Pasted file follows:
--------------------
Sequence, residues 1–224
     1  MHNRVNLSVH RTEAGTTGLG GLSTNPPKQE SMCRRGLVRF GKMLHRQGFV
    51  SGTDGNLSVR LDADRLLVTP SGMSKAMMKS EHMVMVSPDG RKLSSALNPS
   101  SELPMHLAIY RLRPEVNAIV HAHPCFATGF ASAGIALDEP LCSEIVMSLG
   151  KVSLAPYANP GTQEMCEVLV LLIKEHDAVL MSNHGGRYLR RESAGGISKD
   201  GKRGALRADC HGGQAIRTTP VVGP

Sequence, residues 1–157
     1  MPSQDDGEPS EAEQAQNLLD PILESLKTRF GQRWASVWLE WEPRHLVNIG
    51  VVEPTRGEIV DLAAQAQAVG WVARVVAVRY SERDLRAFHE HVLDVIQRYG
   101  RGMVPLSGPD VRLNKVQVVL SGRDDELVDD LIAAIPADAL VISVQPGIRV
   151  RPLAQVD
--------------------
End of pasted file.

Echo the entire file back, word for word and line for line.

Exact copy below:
Sequence, residues 1–224
     1  MHNRVNLSVH RTEAGTTGLG GLSTNPPKQE SMCRRGLVRF GKMLHRQGFV
    51  SGTDGNLSVR LDADRLLVTP SGMSKAMMKS EHMVMVSPDG RKLSSALNPS
   101  SELPMHLAIY RLRPEVNAIV HAHPCFATGF ASAGIALDEP LCSEIVMSLG
   151  KVSLAPYANP GTQEMCEVLV LLIKEHDAVL MSNHGGRYLR RESAGGISKD
   201  GKRGALRADC HGGQAIRTTP VVGP

Sequence, residues 1–157
     1  MPSQDDGEPS EAEQAQNLLD PILESLKTRF GQRWASVWLE WEPRHLVNIG
    51  VVEPTRGEIV DLAAQAQAVG WVARVVAVRY SERDLRAFHE HVLDVIQRYG
   101  RGMVPLSGPD VRLNKVQVVL SGRDDELVDD LIAAIPADAL VISVQPGIRV
   151  RPLAQVD